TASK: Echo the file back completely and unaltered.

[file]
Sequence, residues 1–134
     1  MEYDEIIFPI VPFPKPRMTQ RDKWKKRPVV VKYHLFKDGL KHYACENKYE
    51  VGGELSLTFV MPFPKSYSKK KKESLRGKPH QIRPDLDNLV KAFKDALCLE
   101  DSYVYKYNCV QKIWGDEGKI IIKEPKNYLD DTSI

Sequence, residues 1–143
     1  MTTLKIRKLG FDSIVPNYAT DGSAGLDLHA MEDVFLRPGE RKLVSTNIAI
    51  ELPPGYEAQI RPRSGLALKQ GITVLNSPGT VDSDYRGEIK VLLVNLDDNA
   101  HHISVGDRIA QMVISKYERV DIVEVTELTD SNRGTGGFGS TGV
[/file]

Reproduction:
Sequence, residues 1–134
     1  MEYDEIIFPI VPFPKPRMTQ RDKWKKRPVV VKYHLFKDGL KHYACENKYE
    51  VGGELSLTFV MPFPKSYSKK KKESLRGKPH QIRPDLDNLV KAFKDALCLE
   101  DSYVYKYNCV QKIWGDEGKI IIKEPKNYLD DTSI

Sequence, residues 1–143
     1  MTTLKIRKLG FDSIVPNYAT DGSAGLDLHA MEDVFLRPGE RKLVSTNIAI
    51  ELPPGYEAQI RPRSGLALKQ GITVLNSPGT VDSDYRGEIK VLLVNLDDNA
   101  HHISVGDRIA QMVISKYERV DIVEVTELTD SNRGTGGFGS TGV